21CC Supports New Report on Baltimore’s Food System
By Lydia Dubois and Maleka Walker
More than two years after the death of Freddie Gray in police custody and ensuing unrest that rocked Baltimore City, there has been much discussion in the city and beyond about community-law enforcement relationships, educational and economic opportunity for youth, and other topics relating to the health and well-being of Baltimore and its most disadvantaged residents.
One topic that has been less discussed, but is vitally important, is Baltimore’s food resiliency and preparedness in the aftermath of natural disasters like superstorms driven by climate change and man-made disasters such as the April 2015 riots. Following the unrest, Baltimore’s food system was significantly compromised when more than 100 retail businesses that sell food were affected by the events, whether through physical damage to the buildings themselves, or through theft of personal property or inventory. About a quarter of those businesses are located in food deserts, meaning that they could have been important food sources for many residents. Furthermore, a 10pm curfew put into place after the rioting prevented overnight food deliveries to the food stores that remained open.
In response to these challenges, and in a larger effort to strengthen the resilience of Baltimore’s food system, the Center for a Livable Future (CLF) at the Johns Hopkins Bloomberg School of Public Health teamed up with the Baltimore Office of Sustainability to develop a comprehensive, Baltimore Food System Resilience Advisory Report. Recommendations from the report, which was released today, will be used to develop a Food System Resilience Plan for the city and update Baltimore’s Disaster Preparedness Plan (DP3). These plans play a central role guiding the city’s emergency management and response efforts.
The 21st Century Cities Initiative provided grant funding to CLF for this project, which exemplifies the type of action-oriented, applied policy research that 21CC seeks to support.
The research included interviews with community stakeholders such as distributors, food assistance organizations, and retailers to identify key vulnerabilities of the food system. Findings included the difference in readiness of larger businesses compared to smaller businesses in dealing with unexpected threats to food security, and the difficulties food assistance organizations experience in coordinating pre-emergency planning such as the ability to reach populations they serve with limited financial resources.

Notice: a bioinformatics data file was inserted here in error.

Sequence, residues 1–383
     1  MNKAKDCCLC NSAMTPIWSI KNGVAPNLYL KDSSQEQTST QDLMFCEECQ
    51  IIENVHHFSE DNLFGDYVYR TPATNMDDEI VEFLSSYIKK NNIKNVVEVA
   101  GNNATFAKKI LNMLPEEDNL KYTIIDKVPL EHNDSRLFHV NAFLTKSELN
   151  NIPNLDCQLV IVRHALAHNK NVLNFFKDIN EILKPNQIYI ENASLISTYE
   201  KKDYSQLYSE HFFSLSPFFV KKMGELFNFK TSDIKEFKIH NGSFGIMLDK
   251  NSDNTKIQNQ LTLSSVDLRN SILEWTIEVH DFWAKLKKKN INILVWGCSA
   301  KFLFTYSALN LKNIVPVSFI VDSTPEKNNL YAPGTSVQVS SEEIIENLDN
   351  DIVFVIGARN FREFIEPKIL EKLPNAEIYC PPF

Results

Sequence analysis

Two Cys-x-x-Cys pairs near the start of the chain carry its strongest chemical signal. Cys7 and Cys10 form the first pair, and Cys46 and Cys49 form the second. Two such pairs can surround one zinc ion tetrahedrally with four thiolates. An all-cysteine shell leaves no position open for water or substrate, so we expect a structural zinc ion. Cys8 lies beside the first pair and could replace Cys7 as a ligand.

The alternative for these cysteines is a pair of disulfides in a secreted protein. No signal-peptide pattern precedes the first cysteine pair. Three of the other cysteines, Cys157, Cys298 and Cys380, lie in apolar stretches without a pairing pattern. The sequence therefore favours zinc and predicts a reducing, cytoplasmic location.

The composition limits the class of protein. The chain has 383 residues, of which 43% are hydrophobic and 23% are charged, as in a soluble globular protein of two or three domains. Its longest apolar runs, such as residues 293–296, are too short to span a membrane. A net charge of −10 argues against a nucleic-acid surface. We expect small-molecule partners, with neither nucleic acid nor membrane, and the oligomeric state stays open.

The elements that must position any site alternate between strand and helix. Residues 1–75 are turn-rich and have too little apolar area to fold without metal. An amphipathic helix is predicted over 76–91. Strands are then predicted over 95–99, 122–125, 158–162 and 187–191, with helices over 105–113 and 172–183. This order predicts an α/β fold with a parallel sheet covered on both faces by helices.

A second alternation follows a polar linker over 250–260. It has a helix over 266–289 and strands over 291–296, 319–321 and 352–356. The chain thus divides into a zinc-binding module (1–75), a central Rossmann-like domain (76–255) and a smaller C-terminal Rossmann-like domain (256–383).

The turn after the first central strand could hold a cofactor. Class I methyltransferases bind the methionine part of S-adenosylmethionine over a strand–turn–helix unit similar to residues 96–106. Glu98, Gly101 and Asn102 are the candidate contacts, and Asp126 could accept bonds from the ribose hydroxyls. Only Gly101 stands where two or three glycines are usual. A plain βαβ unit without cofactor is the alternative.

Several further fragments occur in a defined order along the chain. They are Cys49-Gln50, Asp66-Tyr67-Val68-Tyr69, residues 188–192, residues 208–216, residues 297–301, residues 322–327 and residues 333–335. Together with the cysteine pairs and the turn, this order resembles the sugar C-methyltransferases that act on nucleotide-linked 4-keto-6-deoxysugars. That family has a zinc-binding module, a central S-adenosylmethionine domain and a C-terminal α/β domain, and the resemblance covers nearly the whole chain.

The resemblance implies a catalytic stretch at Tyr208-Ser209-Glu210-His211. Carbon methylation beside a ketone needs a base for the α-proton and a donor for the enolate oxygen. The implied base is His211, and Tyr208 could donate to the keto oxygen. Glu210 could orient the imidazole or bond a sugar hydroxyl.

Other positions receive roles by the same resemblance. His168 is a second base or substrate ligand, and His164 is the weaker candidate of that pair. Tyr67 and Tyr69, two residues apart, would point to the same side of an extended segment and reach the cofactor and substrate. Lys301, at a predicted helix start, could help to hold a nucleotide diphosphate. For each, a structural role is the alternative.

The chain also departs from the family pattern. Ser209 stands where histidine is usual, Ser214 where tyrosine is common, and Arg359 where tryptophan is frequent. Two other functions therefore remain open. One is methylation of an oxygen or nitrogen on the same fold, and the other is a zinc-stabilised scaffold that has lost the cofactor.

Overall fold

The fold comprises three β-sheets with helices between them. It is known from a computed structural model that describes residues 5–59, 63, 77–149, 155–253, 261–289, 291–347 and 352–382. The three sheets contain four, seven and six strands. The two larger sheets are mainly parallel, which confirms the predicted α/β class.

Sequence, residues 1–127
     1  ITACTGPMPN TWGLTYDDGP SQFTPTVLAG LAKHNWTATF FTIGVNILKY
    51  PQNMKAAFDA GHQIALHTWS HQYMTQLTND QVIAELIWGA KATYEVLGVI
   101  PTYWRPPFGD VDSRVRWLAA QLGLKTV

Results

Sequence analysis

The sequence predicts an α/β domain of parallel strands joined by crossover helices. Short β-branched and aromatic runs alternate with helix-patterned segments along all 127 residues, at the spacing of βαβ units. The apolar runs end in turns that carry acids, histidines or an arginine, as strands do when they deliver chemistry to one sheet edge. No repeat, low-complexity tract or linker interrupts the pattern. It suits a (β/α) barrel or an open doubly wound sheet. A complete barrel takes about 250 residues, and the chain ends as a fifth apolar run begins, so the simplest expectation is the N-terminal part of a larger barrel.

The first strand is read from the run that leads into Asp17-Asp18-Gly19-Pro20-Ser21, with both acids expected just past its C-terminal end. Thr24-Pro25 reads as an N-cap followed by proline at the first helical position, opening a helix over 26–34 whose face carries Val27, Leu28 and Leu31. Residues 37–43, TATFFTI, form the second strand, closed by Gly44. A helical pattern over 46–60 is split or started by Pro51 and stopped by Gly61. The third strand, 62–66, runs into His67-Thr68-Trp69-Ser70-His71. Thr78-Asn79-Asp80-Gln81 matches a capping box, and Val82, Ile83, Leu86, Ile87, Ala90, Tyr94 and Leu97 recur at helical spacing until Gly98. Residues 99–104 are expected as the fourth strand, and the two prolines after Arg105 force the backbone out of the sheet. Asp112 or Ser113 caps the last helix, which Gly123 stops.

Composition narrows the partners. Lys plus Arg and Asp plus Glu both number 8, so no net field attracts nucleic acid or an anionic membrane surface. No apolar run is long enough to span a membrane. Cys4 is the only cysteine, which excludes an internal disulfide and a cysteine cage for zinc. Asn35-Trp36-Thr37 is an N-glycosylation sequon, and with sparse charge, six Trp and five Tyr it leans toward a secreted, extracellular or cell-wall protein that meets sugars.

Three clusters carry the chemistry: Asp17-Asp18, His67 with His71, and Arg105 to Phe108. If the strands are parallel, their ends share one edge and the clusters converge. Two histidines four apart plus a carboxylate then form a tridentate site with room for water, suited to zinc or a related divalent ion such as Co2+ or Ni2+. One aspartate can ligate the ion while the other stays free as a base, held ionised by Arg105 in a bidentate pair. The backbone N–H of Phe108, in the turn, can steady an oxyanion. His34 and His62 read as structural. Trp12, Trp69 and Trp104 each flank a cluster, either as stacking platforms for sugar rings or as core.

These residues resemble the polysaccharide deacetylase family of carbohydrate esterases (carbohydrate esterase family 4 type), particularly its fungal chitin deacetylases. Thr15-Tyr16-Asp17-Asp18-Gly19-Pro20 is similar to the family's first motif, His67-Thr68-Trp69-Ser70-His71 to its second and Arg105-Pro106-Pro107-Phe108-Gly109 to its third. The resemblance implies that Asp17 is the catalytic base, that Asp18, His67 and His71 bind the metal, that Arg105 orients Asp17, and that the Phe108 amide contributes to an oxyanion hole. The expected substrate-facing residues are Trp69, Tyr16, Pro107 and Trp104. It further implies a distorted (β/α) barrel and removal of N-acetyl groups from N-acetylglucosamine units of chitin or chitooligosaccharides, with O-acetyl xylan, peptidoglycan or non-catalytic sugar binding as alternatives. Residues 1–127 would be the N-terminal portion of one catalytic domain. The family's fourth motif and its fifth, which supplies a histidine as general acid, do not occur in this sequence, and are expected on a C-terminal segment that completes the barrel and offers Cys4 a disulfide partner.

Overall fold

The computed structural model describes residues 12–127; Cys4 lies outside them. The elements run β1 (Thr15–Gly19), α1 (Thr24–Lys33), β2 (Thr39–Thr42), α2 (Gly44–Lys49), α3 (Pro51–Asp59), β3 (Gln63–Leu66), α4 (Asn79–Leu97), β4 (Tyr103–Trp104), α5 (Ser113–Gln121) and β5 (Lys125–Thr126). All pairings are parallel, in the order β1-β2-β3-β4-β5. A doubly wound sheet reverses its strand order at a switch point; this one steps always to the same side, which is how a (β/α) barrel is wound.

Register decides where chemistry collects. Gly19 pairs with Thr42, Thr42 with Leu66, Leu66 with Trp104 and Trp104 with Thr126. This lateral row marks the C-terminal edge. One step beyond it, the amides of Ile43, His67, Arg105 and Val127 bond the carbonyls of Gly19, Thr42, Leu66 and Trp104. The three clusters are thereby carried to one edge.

Despite being a city with a significant sea port, the report also finds that Baltimore is reliant on roadways for its food security. In fact, 96.4 percent of inflows of food arrive in Baltimore by truck. Labor shortages and possible road blockages pose major threats to food security. Baltimore’s alternate transport routes, such as railways, the sea port, and heliports remain particularly vulnerable to natural hazards and do not always provide secure alternatives.
Previous research conducted by CLF shows that 86 percent of Baltimore City residents live more than a quarter of a mile from a supermarket, while 30 percent lack vehicle access and 33 percent are located more than than 15 minutes away from a healthy food source by transit on a weekday. While accessing food is usually difficult for these individuals, events like the April 2015 unrest intensified the challenge due to the curfew, discontinuation of public transit services, and closure of smaller stores due to looting or concerns of more violence. In addition, subsequent school closings affected both access to food and free lunch programs that sustain many children twice daily.
The Food System Resilience Advisory Report makes recommendations for improving food security after disasters by addressing potential vulnerabilities across the food system – from improving food access, to developing backup supply chains, to connecting communities and non-profits with resources for emergency food preparedness.
The work of CLF and the Office of Sustainability is helping to make Baltimore a leader in food system preparedness, along with cities like Toronto and San Francisco, and a small but growing number of cities that are paying closer attention to food system resilience in response to disasters, unrest, or financial shortfalls. This new report will not only contribute to Baltimore’s resilience, but it can serve as a useful guide for other cities working to strengthen their food systems.
Lydia Dubois is a senior at Johns Hopkins University from New York City majoring in Sociology with a minor in Social Policy. Maleka Walker is a junior at Johns Hopkins University from Atlanta majoring in Public Health with a minor in Social Policy.